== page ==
Saturday, December 22, 2018

How Should We Argue For The Virgin Birth?

Steve Hays drew my attention to a recent interview with William Lane Craig in the New York Times, part of which discusses the virgin birth. Craig's responses to the questions he's asked are of mixed quality, and I won't be responding to most of what he said. But I want to comment on his remarks about the virgin birth.

He didn't have much space to discuss the issue, and he made some good points in the short space he had. But I would have addressed the subject differently.

Better than citing the multiple attestation provided by Matthew and Luke would be to cite the fact that widespread early belief in the virgin birth is the best explanation for why the premarital timing of Mary's pregnancy wasn't more controversial in early Christian and non-Christian circles. The premarital timing of the pregnancy is highly unlikely to have been made up by the early Christians. It seems to be something that was widely known early on. So, the lack of controversy over it needs to be explained. An accompanying belief in a virgin birth, accepted by Paul and other early Christians long before Matthew and Luke were written, is the best explanation. And even non-conservative scholars often acknowledge that the gospel material on the virgin birth is derived from pre-gospel sources. For these and other reasons, we ought to conclude that belief in the virgin birth not only predates the gospels, but was even widespread in that pre-gospel timeframe. Celsus and his Jewish source(s) attribute the virgin birth claim to Jesus himself rather than portraying it as something made up a couple or a few decades later, for example.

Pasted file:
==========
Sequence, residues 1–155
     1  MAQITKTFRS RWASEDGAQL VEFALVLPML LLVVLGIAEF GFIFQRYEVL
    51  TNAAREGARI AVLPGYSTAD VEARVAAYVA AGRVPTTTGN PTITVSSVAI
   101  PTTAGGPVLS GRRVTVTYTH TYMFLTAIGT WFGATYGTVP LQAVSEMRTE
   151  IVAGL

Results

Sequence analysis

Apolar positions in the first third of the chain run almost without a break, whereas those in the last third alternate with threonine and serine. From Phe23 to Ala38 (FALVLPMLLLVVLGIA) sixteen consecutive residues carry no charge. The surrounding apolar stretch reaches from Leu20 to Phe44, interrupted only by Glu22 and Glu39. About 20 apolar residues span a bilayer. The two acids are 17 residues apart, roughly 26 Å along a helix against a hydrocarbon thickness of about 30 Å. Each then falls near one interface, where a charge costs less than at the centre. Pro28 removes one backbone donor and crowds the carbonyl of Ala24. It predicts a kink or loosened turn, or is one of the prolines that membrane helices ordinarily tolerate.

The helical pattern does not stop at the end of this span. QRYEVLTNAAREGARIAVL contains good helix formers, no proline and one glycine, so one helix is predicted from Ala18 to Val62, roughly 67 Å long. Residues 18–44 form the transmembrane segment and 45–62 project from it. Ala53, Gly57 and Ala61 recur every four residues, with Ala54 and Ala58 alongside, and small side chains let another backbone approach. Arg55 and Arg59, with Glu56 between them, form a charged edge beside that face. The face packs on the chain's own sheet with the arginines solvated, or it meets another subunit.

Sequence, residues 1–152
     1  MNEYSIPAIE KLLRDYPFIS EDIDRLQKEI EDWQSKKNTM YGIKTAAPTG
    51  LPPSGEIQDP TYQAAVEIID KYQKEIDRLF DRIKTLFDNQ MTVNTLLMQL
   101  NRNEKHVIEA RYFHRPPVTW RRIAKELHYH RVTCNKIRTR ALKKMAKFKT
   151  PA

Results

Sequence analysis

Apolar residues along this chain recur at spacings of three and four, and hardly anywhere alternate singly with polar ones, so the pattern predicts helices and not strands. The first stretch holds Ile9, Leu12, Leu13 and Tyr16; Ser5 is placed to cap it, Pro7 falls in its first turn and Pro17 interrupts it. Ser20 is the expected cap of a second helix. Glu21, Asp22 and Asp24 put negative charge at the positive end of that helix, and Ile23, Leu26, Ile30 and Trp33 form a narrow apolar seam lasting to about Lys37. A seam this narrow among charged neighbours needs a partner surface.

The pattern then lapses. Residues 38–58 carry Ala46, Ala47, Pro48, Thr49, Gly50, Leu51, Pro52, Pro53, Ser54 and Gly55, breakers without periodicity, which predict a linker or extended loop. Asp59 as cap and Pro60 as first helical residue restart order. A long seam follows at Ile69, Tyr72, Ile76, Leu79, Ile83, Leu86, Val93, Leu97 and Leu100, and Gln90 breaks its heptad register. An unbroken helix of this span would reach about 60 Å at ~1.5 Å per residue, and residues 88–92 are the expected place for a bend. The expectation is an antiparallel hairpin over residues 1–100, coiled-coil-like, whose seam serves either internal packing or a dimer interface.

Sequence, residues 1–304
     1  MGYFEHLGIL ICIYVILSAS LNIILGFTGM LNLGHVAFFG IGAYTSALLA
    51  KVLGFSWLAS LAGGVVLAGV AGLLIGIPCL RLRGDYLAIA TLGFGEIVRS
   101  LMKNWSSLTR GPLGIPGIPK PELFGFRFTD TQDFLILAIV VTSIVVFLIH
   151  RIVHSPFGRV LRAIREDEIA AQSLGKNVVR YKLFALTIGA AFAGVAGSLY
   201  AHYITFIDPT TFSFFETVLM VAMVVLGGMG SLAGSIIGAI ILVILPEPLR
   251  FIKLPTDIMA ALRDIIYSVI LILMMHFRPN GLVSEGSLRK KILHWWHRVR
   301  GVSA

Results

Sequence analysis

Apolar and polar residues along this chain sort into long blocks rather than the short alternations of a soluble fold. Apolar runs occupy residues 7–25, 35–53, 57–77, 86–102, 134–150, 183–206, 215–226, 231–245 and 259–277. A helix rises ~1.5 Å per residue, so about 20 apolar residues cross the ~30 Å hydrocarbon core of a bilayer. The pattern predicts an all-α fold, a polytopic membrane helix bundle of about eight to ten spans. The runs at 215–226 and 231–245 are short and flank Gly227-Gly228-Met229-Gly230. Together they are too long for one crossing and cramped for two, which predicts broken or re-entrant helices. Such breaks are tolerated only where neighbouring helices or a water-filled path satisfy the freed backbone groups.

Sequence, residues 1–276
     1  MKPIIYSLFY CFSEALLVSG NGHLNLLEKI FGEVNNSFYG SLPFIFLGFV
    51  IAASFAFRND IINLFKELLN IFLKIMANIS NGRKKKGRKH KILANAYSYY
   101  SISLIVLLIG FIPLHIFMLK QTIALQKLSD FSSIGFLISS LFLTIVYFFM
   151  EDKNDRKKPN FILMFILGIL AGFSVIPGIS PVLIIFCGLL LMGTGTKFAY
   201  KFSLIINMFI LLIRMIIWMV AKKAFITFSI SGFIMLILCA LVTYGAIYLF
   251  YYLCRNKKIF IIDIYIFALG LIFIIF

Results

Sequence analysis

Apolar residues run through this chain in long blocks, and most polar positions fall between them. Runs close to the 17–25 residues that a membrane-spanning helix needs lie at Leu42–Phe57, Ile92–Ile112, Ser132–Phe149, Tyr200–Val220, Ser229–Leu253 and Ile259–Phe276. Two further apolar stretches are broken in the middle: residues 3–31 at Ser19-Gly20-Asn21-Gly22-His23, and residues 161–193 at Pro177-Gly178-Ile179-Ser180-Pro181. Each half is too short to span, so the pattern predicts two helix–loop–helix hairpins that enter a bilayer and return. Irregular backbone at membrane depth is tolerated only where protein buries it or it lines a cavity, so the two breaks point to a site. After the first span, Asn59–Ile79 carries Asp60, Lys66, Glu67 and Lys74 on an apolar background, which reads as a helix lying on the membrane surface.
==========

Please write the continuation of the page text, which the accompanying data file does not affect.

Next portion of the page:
Craig shouldn't have used the brief space he had to claim that there are no Jewish or pagan parallels to the virgin birth. The more important point is that there's no evidence of borrowing from such sources. Critics can't just allege that there are Jewish and/or pagan parallels to the virgin birth. They need to go on to the second step of arguing that the Christian claim was in some significant way derived from the sources in question. They not only can't do that, but also would have to overcome a lot of evidence to the contrary in attempting to establish their allegation. There are many explicit and implicit anti-pagan sentiments throughout the New Testament. That's not the sort of environment in which we'd expect borrowing from paganism. The burden of proof is on the shoulders of those who want us to believe that such borrowing occurred. That's a better point to make than to claim that no parallels exist, which invites critics to then bring up one alleged parallel after another. Each supposed parallel has to be discussed, after which the critic can just go look for another one. They often aren't particularly careful about claiming supposed parallels, so the potential for wasting time and misleading people is large.

Another point that ought to be made in these discussions, which Craig didn't bring up, is that a virgin birth not only wasn't expected by ancient Jews, but even diminishes Jesus' fulfillment of one of the most widely expected characteristics of the Messiah. He was expected to be a descendant of David. And a virgin birth would diminish Jesus' claim to Davidic ancestry. Why make up a claim about a Messianic figure that gives him a characteristic the Messiah wasn't expected to have at the expense of diminishing a characteristic he was so widely expected to have?